Why it’s vital to switch that podcast off occasionally and let yourself get bored

Excerpt from this article:

It has become part of my daily routine to slip headphones on as I leave the front door. I don’t take them off until I reach my destination, unless I’m buying something in a shop or giving directions – as the writer Lucy Prebble has remarked, “taking off headphones is the new removing your hat”. I sometimes listen to music, but mainly I listen to talk.

Perhaps the biggest cost, though, is that I’m listening to myself less. When I’m riveted by the narrative of a real-life murder mystery, my thoughts don’t wander, and it’s only when thoughts are allowed to wander that they become interesting.

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Whitney Phillips explains how Trump controls the media

Description of this podcast episode:

Here’s a fun fact: The best training for understanding the president’s media strategy is to have studied internet trolls for years and years.

Okay, maybe that fact wasn’t so fun. Maybe it’s incredibly depressing.

At any rate, Whitney Phillips did exactly that. She was one of the earliest scholars of online trolling (yes, that’s a job). She was studying trolling when it was a tiny sideshow. And she was there, studying it, as online trolling got amplified by algorithmic platforms and a click-hungry media. As Gamergate made it a political movement. Then, most importantly, she was there, watching, as the media manipulation tactics that she had seen perfected by the trolls became the playbook for how Trump controls the media’s agenda, and the national conversation.

How Podcasts Became a Seductive—and Sometimes Slippery—Mode of Storytelling

Excerpt from New Yorker this article:

Podcasting is a peculiarly intimate medium. Usually transmitted through headphones to a solitary listener, or played over the car stereo during a commute, an audio narrative can be immersive in a way that a radio playing in the background in a kitchen rarely is. Podcasts are designed to take up time, rather than to be checked, scanned, and rushed through: they are for those moments when you can’t be scrolling on your phone. For a digital medium, podcasts are unusual in their commitment to a slow build, and to a sensual atmosphere. At the conference table, people were eager to discuss ways in which audio could deepen the story, as well as the visceral experience of the listener.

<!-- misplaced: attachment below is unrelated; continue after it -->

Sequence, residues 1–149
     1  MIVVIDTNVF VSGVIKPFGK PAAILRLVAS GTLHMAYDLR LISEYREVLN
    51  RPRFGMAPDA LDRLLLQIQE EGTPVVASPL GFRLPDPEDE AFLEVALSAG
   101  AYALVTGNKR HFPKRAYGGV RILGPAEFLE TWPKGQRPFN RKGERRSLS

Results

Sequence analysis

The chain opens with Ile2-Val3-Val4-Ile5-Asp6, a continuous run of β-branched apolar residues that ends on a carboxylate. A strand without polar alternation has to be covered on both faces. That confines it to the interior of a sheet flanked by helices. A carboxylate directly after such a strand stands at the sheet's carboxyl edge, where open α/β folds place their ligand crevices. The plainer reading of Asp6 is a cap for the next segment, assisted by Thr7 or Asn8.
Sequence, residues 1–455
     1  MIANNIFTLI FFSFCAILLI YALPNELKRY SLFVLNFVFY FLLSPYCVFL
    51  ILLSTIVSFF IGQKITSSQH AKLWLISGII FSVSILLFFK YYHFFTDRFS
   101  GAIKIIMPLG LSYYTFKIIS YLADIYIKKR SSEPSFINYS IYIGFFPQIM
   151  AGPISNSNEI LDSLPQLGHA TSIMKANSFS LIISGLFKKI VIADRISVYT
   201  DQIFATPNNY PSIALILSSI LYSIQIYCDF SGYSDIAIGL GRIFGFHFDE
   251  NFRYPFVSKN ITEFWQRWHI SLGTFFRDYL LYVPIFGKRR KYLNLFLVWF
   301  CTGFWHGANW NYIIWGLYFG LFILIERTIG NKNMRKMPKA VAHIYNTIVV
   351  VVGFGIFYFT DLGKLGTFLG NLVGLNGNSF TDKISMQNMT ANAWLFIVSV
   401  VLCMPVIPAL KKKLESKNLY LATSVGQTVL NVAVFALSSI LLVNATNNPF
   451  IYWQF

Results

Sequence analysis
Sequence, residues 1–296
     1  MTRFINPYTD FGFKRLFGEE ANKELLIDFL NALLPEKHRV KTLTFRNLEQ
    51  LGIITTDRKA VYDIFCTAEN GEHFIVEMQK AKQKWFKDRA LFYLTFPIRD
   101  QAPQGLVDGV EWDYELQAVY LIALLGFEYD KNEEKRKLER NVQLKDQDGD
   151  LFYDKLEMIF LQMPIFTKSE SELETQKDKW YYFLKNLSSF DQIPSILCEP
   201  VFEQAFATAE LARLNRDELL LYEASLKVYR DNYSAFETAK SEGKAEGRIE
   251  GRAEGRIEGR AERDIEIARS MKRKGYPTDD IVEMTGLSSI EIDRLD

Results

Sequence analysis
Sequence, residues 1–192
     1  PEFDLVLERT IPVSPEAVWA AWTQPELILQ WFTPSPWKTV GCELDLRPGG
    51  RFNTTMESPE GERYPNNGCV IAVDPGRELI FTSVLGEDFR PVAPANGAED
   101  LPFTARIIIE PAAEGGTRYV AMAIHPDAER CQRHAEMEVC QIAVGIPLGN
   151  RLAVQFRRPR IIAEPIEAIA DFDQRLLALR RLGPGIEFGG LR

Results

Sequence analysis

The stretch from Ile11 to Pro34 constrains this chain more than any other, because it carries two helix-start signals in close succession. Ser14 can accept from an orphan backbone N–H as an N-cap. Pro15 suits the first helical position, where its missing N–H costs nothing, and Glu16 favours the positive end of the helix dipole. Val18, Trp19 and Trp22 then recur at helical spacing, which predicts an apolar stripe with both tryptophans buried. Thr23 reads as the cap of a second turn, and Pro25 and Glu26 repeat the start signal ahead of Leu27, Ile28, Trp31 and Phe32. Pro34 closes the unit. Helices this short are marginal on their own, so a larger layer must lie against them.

Podcasts Are the New Xanax

Excerpt from this article:

Unlike the time sink of binge-watching a TV series, podcasts actually made me more efficient. Practically every dull activity—folding laundry, applying makeup—became tolerable when I did it while listening to a country singer describing his hardscrabble childhood, or a novelist defending her open marriage.

…Last summer, I discovered the most important advantage of podcasts over people: You can doze off in the middle of a podcast conversation without offending anyone.

We need an internet of unmonetisable enthusiasms

Excerpt from this article:

We should be cheered that these deep pools of detail are emerging in podcasting. It’s been around since 2004, after all, maybe this exploration of qualities other than surface and scale is what happens in a mature digital medium. I’m looking forward to Deep Twitter and The Decline and Fall of The Roman Empire on Snapchat.

Podcasting Is the New Soft Diplomacy

Excerpt form this article:

The idea, she explained over lunch this week, is simple. Haultain always maintained a relationship with America. For decades, that relationship was forged through watching The Wire and reading books like The Art of Fielding and stacking up back issues of The New Yorker next to her bedside. Haultain’s husband and daughter can recite every line from the Australia episode of The Simpsons.

But around the time Donald Trump announced he was running for president, podcasts began to elbow their way into that relationship. These days, the person explaining the wonders and outrages of America is as likely to be New York Times podcast host Michael Barbaro as it is Homer Simpson.

“I listen to The Daily,” Haultain said. “I listen to Up First on NPR. I listen to Trumpcast. I listen to Ezra Klein on Vox. I listen to Mike Pesca on The Gist. Then I have a whole bunch of historical ones. I just listened to Slow Burn on Slate.”

She has also listened to This American Life, Serial, and the Bela Lugosi–Boris Karloff episodes of You Must Remember This.

Haultain works for an Australian foundation that focuses on legal issues, so her media diet can’t be totally American. She listens to local news while riding the light rail to work each morning. But on the way home — and at night, and on weekends — the voices in her ears are Barbaro’s and Pesca’s and Steve Inskeep’s.